Nikon has done away with its auto dust cleaning system for the sensor, which is a shame, although this camera still captures ‘Image Dust Off’ reference data for cleaning photos in post-production. There’s still no bracketing feature in the new model, something we wish had been incorporated.
Since Nikon wasn't able to send us the new AF-P kit lens for testing, we used an older AF-S 18-55 f/3.5-5.6 GII VR, as well as an AF-S 55-300 f/4.5-5.6 G ED VR, and just for fun, we also used the superb AF-S 16-80 f/2.8-4E ED VR.
ISO performance was pretty impressive. There are just mild variations till ISO 3200, as noise is barely visible. At ISO 6400 and ISO 12800, it does become noticeable but it’s still very much within bounds and doesn’t mess with the colours. The detail level takes a slight dip here, but it's noticeable only when you look at a 100 percent crop of the picture. At ISO 25600, details get very mushy and colours are muted. Still, this is not bad at all for an entry-level DSLR and it goes to show how capable the sensor really is.
The Nikon D3400's size makes its very convenient to carry around when you travel. Plus, it's less imposing, which makes it better for street photography as you don’t look overly conspicuous trying to get candid shots. Focusing speed is good and the camera is quick to lock focus. In live mode, you now get face-priority autofocus, which is handy when shooting people. Subject tracking works pretty well too.
In daylight, the D3400 captures detailed landscapes with minimal to no barrel distortion. There’s very mild chromatic aberration around the edges of distant objects, but nothing jarring enough to ruin the shot, even if you crop it later. Switching from the kit lens to something more premium like the AF-S 16-80 f/2.8-4E ED VR helps the D3400 reach its full potential. The level of sharpness in close-up shots is stunning, and there's zero artifacting around the edges subjects. Colours are also bolder and look more natural.
Video recording tops out at 1080p at 60fps, just like with the D3300, so you can play around with slow-motion effects in post later on. Continuous autofocus works well in video mode, but the motor sound from the lenses we used was unavoidable.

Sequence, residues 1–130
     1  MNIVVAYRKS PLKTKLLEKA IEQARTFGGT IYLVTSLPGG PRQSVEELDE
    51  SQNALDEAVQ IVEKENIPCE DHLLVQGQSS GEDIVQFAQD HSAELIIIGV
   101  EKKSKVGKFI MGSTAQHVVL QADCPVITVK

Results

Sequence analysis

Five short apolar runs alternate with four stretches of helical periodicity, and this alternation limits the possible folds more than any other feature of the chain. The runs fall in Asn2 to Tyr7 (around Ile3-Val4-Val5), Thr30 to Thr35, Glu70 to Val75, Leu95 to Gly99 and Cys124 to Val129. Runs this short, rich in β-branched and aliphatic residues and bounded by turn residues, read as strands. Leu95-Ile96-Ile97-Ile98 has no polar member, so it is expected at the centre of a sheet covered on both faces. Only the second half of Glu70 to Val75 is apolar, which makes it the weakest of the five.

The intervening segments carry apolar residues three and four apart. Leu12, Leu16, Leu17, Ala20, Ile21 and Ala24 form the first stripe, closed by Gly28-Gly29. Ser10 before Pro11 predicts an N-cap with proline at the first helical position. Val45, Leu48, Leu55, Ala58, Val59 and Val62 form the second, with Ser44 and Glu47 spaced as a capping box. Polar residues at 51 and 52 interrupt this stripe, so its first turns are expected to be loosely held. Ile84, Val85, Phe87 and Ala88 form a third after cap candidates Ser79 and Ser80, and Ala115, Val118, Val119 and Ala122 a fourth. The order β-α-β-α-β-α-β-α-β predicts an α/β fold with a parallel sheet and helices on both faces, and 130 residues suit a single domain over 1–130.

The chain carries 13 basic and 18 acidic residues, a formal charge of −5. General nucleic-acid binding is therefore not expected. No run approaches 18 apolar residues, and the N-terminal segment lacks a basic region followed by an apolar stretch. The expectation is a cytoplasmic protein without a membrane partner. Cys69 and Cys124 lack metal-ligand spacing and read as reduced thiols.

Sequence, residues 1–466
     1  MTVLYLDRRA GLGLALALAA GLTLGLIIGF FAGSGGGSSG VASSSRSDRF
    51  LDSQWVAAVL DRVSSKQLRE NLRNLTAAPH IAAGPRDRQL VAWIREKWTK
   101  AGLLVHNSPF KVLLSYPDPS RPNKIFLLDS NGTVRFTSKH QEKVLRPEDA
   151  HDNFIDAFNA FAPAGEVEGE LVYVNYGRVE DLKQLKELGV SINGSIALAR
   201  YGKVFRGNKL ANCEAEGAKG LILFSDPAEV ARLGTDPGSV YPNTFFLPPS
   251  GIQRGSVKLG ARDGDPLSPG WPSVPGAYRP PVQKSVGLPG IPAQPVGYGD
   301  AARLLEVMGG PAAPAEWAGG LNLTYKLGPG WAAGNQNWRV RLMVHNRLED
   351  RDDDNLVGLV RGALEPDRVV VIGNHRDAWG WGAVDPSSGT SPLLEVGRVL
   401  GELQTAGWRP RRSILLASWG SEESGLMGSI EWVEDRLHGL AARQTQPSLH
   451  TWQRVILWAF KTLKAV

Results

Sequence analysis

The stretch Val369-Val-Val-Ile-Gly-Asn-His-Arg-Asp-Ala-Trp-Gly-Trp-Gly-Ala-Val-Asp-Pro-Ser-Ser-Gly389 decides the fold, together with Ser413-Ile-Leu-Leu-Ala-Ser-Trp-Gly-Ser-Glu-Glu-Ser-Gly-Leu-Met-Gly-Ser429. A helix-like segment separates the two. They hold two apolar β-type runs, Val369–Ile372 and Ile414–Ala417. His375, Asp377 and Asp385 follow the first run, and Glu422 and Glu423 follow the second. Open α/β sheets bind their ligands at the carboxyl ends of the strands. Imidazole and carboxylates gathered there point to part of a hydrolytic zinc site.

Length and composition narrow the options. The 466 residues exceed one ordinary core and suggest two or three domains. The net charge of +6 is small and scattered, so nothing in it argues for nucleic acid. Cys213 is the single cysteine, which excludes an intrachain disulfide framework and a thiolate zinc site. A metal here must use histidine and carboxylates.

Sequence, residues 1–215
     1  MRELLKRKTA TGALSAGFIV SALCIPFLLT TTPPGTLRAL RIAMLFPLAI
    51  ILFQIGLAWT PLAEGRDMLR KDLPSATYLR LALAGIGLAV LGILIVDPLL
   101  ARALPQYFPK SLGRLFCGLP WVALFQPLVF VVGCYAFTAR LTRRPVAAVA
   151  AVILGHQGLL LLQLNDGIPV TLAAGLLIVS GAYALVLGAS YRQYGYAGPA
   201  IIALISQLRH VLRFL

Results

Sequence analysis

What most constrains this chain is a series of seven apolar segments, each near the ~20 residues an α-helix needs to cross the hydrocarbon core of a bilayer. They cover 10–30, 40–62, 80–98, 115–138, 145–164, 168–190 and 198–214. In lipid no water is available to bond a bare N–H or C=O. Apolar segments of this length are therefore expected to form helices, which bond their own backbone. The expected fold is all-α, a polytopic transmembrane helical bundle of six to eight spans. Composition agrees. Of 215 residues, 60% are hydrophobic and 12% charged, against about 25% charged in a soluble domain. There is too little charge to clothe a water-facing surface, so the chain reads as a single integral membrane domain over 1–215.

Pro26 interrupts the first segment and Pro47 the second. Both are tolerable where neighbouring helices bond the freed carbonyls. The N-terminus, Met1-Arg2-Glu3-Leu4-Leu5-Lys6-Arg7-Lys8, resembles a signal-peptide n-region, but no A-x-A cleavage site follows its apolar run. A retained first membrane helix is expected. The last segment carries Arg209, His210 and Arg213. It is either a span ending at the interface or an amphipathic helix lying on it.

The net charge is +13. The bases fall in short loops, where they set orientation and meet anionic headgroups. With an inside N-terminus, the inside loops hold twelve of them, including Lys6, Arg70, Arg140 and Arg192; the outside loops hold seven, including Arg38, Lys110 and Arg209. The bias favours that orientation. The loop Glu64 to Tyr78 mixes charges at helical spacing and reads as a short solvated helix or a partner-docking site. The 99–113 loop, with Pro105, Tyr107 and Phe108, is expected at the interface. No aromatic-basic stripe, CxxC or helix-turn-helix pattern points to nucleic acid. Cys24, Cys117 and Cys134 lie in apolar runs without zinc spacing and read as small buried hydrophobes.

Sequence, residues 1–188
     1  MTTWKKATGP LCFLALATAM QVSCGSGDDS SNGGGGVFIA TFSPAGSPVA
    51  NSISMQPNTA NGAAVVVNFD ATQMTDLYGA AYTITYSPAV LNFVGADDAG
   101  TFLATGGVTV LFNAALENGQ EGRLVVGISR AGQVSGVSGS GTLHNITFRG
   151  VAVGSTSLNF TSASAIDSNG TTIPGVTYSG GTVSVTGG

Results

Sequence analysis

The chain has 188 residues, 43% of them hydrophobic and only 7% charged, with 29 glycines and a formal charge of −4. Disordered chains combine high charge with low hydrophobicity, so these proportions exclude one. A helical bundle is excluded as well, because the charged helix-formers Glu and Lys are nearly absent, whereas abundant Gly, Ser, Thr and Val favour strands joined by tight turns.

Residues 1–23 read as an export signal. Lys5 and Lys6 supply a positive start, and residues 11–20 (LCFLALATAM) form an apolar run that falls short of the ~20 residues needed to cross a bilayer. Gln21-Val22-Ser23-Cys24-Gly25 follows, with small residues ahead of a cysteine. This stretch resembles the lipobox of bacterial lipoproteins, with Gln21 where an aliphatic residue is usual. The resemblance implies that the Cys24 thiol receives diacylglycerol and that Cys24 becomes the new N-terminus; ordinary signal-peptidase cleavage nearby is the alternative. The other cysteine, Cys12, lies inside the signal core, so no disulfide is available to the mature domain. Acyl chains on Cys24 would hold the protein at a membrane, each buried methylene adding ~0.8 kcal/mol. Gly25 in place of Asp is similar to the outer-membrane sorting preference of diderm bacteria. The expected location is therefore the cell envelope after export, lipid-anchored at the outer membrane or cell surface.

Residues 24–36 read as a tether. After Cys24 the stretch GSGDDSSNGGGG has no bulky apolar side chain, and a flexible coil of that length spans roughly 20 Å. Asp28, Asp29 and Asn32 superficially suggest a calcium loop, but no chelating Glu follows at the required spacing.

Apart from the standard PSAM shooting modes, there are different scene modes that you can choose from. You can also edit photos within the camera itself from the retouch menu, and of course export them to your phone or tablet. Burst mode is pretty usable, as 5fps gives you a decent chance of capturing good motion shots. Low-light performance is very good just as long as you cap the ISO at 12800. You can also set a minimum shutter speed in order to avoid blurry motion shots at night. Colours are once again fairly accurately captured although the level of detail will depend on your ISO setting.
The camera body doesn’t have any stabilisation system but all DX lenses now have decent vibration reduction mechanisms. Luminance noise is visible in dark areas of images but chroma noise is kept well in check. The pop-up flash is effective, but when compared to the D3300's, it’s actually a bit weaker.
The Nikon D3400 uses the same battery as the D3300 but the new model is rated to deliver 1200 shots per charge, which is a big improvement over the D3300 which was rated for 700. We did manage to come close to this number during our testing, however, do note that leaving Bluetooth on will drain the battery within half a day, even if the camera is turned off. It’s best to switch to airplane mode when you don’t need images transferred to your phone immediately.
The D3400 retails online for about Rs.29,990, which is what Canon’s 1300D goes for as well. Between the two companies, Nikon has the stronger product at this price, both in terms of performance and features. It has better ISO performance at higher sensitivities, a useful burst mode, and good video capabilities. The addition of Bluetooth is a bonus, although the 1300D is the only choice if you want the ability to control your camera remotely via your smartphone. Nikon also throws in a camera bag and an 8GB SD card to sweeten the deal.
Right now, it makes sense to buy the D3400 over the D3300, as for a bit more money, you get wireless connectivity and a quieter lens. Unless the D3300 falls drastically in price, you’re better off with the newer model. Current owners of the D3300 have no real reason to upgrade, as there isn’t much to gain in terms of image or video performance.
Price: Rs. 29,990 (with AF-P 18-55mm lens)
Ratings (Out of 5)